Scientists: GMOs Safe to Eat, Do Not Cause Environmental Problems
The year 1973 was one marked by strife, misery and uncertainty.
The Vietnam War raged on; the Watergate scandal continued to expand in scope as attention began turning toward the White House; Vice President Spiro Agnew was forced to resign after pleading no contest to charges of income tax evasion; the Yom Kippur War brought further armed conflict and unrest to the Middle East; an OPEC oil embargo brought about a global energy crisis.
However, 1973 was also a year of tremendous innovation and human achievement. It was during this year that two California scientists – Herbert Boyer, of the University of California at San Francisco, and Stanley Cohen, of Stanford University – were able to successfully construct a functional organism that combined and replicated genetic information from two different species. In doing so, they created the first genetically modified organism (GMO), forever changing the pharmaceutical and agricultural industries.
Ever since the first genetically modified food – a delayed-ripening tomato known commercially as the Flavr Savr – entered the marketplace in the early 1990s, segments of society have raised concerns about the safety and environmental impacts of GMOs. As a result, anti-GMO activists began pressing states to adopt specific GMO labeling requirements. In 2014, Vermont became the first state to pass along such a mandate onto food producers.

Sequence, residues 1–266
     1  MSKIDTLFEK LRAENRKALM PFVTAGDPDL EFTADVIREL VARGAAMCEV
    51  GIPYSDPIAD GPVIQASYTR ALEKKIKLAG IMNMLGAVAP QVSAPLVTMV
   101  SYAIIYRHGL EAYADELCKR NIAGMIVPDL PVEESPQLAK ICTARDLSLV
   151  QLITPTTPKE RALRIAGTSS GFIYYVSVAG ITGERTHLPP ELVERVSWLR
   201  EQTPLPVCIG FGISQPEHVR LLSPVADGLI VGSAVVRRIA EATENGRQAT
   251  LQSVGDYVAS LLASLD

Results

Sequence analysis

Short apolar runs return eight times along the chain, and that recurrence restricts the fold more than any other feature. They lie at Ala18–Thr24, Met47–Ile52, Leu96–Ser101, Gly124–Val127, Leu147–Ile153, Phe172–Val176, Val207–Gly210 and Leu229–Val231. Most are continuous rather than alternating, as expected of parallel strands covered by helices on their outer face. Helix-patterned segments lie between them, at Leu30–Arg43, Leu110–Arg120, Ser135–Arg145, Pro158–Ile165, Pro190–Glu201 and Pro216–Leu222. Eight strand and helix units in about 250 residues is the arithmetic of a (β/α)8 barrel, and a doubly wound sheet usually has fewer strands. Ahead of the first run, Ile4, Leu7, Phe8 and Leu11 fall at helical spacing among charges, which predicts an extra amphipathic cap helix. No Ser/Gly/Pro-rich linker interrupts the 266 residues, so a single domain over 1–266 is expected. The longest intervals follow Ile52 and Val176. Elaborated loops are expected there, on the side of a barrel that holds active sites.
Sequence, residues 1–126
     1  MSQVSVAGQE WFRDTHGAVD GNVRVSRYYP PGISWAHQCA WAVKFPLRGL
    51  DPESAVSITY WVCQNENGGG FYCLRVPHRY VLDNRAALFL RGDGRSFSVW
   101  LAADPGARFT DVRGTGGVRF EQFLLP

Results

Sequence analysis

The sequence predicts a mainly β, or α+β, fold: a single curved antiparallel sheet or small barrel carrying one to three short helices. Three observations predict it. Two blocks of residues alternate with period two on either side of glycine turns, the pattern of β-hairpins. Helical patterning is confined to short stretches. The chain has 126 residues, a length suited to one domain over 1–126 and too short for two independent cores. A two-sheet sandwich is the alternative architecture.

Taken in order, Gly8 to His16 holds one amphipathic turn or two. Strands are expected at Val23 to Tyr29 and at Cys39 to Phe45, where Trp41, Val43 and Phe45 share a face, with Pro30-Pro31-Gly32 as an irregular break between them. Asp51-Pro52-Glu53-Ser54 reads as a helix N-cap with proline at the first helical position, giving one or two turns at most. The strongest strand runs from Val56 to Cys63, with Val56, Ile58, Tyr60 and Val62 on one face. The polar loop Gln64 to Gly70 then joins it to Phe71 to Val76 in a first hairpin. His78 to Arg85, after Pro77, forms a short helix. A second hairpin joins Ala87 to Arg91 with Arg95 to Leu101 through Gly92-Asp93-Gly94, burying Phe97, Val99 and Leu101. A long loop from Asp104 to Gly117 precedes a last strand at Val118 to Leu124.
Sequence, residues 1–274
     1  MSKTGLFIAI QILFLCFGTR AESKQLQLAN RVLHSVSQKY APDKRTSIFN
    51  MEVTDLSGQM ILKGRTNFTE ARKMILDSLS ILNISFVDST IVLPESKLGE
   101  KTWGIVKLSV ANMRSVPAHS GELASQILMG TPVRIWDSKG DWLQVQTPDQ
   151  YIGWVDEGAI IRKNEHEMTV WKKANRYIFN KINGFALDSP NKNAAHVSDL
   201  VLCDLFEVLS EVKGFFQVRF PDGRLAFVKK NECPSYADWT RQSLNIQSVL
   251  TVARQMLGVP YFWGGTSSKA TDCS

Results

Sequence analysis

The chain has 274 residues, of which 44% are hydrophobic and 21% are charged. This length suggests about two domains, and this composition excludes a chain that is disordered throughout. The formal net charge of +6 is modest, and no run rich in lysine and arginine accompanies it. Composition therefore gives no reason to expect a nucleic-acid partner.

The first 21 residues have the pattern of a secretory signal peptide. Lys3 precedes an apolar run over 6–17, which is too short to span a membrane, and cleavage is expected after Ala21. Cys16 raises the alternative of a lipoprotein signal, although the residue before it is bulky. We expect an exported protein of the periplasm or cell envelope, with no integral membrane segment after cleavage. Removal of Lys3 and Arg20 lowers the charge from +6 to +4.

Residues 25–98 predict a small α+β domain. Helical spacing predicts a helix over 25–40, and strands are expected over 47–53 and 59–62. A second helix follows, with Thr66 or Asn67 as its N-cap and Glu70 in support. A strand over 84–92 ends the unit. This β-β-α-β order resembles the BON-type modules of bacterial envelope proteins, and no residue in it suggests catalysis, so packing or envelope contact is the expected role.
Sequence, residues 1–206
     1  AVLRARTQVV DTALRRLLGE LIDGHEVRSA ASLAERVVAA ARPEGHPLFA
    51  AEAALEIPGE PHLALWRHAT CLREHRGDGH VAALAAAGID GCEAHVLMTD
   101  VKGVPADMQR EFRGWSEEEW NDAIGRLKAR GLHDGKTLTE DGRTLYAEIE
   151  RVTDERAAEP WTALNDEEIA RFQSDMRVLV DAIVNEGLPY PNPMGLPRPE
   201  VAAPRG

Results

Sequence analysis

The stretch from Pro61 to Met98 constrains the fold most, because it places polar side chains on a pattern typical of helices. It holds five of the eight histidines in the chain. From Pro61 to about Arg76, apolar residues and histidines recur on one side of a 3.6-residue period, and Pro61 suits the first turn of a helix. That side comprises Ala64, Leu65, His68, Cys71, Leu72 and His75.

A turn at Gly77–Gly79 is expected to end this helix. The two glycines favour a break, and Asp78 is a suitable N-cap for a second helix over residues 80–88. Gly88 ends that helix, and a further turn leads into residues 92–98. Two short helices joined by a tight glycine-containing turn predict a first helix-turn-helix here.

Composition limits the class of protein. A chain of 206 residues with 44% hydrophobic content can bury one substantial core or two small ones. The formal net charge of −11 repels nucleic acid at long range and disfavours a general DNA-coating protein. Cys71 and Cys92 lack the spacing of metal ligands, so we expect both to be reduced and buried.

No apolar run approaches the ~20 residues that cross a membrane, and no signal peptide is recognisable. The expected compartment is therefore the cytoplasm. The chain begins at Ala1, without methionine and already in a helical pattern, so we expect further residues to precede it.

On Tuesday, a committee of 50 scientists, researchers, and other experts convened by the National Academies of Sciences, Engineering, and Medicine published an exhaustive review examining the effects of GMOs on human health and the environment. Significantly, the report finds that genetically engineered crops are no less safe for human consumption than conventionally bred crops and are not responsible for increases in cancer, obesity, diabetes, autism, or any other diseases as has been falsely suggested by anti-GMO activists.
On the environmental front, no conclusive evidence exists to support the idea that GMOs have caused environmental problems. While the report does find that genetically engineered crops have saved farmers money (e.g., by spending less time tilling the land, preventing crop losses, etc.) and reduced pest populations in some areas of the Midwestern U.S., it does not appear that such crops have significantly increased overall yields. Finally, the committee did note that the evolution of resistance in insects and seeds is a growing problem that warrants further attention.
Our modern high-tech and high-yield agriculture system is critical in providing food to billions while minimizing damage to natural habitats and biodiversity. Technological advances in biology, ecology, and chemistry that help to improve farming should be roundly celebrated and not unfairly vilified.